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The Business On... Gary Gensler, Chairman, Commodity Futures Trading Commission

Flexing his muscles, is he?

Metaphorically, rhetorically and literally.

One at a time, please. Metaphorically?

The CFTC is the regulator that is enjoying the biggest increase in its power, following the Wall Street reforms introduced last year. Mr Gensler's annual budget is about to almost double. Its expanded remit is to oversee credit default swaps and the other parts of the derivatives market that were notoriously unregulated until imploding during the credit crisis.


Mr Gensler was on about six-packs yesterday.


He actually meant six-packs of beer, not abs, so I'm stretching it, okay, but humour me. He says the CFTC is focused on making sure the price of beer does not rise. Wall Street is mounting a rearguard action against new rules, saying they limit the amount of hedging that users of commodities – say, brewers – can afford.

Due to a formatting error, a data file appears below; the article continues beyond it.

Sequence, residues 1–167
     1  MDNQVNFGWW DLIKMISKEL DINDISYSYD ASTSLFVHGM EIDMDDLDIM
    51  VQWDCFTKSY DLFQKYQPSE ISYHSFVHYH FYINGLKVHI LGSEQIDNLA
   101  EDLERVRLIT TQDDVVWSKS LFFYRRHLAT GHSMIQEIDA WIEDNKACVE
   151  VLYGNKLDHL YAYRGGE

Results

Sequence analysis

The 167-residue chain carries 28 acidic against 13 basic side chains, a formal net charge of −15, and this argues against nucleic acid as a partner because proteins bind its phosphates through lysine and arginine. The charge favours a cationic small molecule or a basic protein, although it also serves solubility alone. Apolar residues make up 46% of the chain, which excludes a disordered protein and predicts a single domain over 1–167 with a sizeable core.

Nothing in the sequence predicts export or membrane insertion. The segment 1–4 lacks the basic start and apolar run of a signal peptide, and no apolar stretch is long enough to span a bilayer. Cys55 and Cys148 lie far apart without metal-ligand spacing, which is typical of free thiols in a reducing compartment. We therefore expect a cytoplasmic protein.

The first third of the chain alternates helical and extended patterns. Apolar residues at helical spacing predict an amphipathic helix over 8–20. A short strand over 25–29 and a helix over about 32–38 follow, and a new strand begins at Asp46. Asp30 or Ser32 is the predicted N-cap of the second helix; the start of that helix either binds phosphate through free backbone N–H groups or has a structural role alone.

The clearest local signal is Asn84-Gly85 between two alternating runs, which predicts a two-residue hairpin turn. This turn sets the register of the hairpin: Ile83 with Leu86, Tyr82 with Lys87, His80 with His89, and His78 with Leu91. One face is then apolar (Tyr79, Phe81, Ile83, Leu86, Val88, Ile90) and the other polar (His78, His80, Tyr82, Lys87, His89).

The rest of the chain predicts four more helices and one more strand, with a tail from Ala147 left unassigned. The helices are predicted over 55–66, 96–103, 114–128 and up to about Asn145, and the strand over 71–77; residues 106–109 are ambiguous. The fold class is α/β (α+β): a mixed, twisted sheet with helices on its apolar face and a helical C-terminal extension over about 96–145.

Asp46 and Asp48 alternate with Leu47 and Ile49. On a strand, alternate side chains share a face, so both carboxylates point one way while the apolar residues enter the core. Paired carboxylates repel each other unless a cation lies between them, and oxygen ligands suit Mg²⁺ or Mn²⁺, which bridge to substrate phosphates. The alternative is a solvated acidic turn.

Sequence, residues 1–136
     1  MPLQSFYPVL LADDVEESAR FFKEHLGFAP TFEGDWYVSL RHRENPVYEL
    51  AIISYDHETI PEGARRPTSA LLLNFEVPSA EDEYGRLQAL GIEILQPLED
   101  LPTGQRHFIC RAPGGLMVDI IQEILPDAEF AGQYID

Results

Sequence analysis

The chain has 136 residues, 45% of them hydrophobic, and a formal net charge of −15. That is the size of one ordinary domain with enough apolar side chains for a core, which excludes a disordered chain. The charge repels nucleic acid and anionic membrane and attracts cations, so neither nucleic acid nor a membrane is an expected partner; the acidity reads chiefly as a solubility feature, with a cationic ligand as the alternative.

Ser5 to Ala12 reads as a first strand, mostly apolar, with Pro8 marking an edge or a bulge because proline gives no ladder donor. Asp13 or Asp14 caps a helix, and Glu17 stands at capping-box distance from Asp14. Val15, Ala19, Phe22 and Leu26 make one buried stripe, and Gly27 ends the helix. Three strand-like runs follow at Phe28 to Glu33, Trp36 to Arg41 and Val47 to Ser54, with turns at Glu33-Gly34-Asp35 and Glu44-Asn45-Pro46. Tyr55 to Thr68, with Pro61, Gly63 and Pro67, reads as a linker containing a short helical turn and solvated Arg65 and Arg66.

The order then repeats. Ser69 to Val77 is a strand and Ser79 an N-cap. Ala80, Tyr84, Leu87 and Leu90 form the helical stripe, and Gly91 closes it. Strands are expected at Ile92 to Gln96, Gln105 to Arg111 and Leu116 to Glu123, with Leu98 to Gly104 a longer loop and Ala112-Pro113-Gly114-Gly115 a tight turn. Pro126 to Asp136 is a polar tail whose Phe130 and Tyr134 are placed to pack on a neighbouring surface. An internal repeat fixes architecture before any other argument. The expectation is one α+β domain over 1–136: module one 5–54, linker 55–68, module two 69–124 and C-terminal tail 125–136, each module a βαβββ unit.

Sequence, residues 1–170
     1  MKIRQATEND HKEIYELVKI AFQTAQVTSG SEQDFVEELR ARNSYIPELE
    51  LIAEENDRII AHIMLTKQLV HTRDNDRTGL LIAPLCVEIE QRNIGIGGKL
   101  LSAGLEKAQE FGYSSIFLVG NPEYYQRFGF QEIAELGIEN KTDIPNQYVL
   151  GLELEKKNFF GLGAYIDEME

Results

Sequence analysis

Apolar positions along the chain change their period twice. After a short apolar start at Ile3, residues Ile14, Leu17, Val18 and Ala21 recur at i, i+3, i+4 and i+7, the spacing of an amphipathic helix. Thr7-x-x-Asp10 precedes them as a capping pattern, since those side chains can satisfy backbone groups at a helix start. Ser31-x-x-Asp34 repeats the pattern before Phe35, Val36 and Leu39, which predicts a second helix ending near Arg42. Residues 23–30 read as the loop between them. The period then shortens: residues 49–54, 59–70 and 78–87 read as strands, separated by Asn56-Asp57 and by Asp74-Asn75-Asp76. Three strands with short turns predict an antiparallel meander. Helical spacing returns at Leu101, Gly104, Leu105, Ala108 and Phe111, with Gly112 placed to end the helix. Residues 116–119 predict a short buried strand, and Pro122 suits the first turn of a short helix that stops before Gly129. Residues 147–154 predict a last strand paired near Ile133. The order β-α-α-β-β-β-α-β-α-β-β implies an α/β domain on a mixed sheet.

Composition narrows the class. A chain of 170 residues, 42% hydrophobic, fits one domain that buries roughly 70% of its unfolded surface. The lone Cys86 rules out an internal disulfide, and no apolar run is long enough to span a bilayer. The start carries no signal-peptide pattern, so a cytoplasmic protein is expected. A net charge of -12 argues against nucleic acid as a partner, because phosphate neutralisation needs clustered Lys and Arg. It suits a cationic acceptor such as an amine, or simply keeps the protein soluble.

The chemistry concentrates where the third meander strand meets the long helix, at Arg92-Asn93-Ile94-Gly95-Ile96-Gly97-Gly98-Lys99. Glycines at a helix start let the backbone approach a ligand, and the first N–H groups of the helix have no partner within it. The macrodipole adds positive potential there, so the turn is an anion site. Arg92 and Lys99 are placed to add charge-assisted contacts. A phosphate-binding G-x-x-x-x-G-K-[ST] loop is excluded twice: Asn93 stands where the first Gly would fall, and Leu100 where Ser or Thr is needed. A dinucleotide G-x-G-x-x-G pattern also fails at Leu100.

And literally?

Mr Gensler is one of the more athletic members of the regulatory elite, regularly running marathons. He is going to need all his stamina for the battles ahead.

How strong is Wall Street's rearguard action?

Several Republicans took up the call to arms at a House Financial Services Committee hearing yesterday, which was why Mr Gensler was on about beer. One member said he has been told by industry players that CFTC rules could "literally spell the end of the US-based derivatives market".

And how strong is Mr Gensler?

The Obama administration is confident he is up to the task. As an 18-year veteran of Goldman Sachs ...

Woah. Hold on. Another Goldmanite in government?

Well, yes. There is that. And Mr Gensler did support the bill that left credit derivatives unregulated when he was in the Clinton administration. Let's just say, a lot of people are watching how he flexes his new-found power.